We're getting a once-in-a-thousand-lifetimes treat.

When I was about 12 years old, Halley's Comet was all the rage. It was making its 70-year trip back around our parts. After all, it's pretty much the Old Faithful of the heavens. I always thought it was cool that there was a decent chance that I'd be alive when it came back around again. That should be somewhere around 2056.

But right now, Mainers can get a peek at a comet that hasn't been seen in our skies in more than 70,000 years. And once it flies by this month, it will never, ever return to our solar system. Comet Leonard is out there right now, passing through our night skies, and will soon disappear forever. That's kinda nuts...

That's cool and all, but when and where can I get a peek, right?

Right now, and through the middle of the month, it will be visible in the wee hours of the morning before dawn near the Messier cluster of stars, according to USA Today, and it will be in a downward position, with possible views of the tail, under the right conditions. You should be able to see it with simple binoculars or a telescope.

This all seems pretty crazy and dramatic for something you can see with binoculars. Maybe I'll get some opera glasses instead.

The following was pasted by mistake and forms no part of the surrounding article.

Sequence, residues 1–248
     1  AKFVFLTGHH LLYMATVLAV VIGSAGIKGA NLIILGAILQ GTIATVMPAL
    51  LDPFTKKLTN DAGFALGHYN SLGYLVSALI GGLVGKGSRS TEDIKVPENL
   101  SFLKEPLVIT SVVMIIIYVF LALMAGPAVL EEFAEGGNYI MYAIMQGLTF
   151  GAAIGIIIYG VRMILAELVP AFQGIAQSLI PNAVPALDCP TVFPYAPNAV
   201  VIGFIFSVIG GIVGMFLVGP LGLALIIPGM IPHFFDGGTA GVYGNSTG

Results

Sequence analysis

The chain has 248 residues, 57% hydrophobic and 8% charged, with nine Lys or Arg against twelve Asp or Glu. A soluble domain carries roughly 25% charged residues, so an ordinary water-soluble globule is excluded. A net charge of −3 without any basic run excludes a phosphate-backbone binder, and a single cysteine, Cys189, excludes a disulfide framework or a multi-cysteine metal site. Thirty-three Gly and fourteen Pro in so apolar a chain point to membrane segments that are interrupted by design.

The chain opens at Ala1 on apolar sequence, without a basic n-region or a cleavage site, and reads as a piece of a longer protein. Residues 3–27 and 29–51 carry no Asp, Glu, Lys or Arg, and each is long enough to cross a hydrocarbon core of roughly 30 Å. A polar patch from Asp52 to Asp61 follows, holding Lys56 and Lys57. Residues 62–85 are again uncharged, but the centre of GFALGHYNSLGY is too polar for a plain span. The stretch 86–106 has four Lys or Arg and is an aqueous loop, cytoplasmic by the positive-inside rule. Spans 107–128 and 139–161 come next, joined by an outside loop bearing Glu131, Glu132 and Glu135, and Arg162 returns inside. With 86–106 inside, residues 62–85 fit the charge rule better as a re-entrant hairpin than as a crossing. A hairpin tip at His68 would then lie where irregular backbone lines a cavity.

Come mid-month, the comet will be viewable in the regular night sky, and will be bright enough that it won't require anything to see it. Just your hairy eyeballs. It'll be positioned right near Venus, and will appear between Venus and the horizon. It'll be the closest that Comet Leonard gets to us, which is why it'll be so bright.

This is a pretty special event when you think about how rare it is. Old Lenny last swung through 70,000 years ago. We were still smearing wet ashes on cave walls. And once it passes by this time, it's never coming back. This all seems pretty crazy and dramatic for something you can see with binoculars. Maybe I'll get some opera glasses instead.

If you want some nerdy, but awesome, guidance on finding Leonard, here's a cool YouTube video that should help.

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